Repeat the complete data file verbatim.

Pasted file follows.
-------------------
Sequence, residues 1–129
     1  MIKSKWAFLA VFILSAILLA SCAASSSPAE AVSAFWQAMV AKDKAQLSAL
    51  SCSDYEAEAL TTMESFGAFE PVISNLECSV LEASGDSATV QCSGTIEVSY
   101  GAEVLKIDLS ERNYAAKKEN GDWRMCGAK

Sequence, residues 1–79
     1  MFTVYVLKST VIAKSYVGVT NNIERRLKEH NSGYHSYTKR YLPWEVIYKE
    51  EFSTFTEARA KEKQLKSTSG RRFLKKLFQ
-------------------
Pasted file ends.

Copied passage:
Sequence, residues 1–129
     1  MIKSKWAFLA VFILSAILLA SCAASSSPAE AVSAFWQAMV AKDKAQLSAL
    51  SCSDYEAEAL TTMESFGAFE PVISNLECSV LEASGDSATV QCSGTIEVSY
   101  GAEVLKIDLS ERNYAAKKEN GDWRMCGAK

Sequence, residues 1–79
     1  MFTVYVLKST VIAKSYVGVT NNIERRLKEH NSGYHSYTKR YLPWEVIYKE
    51  EFSTFTEARA KEKQLKSTSG RRFLKKLFQ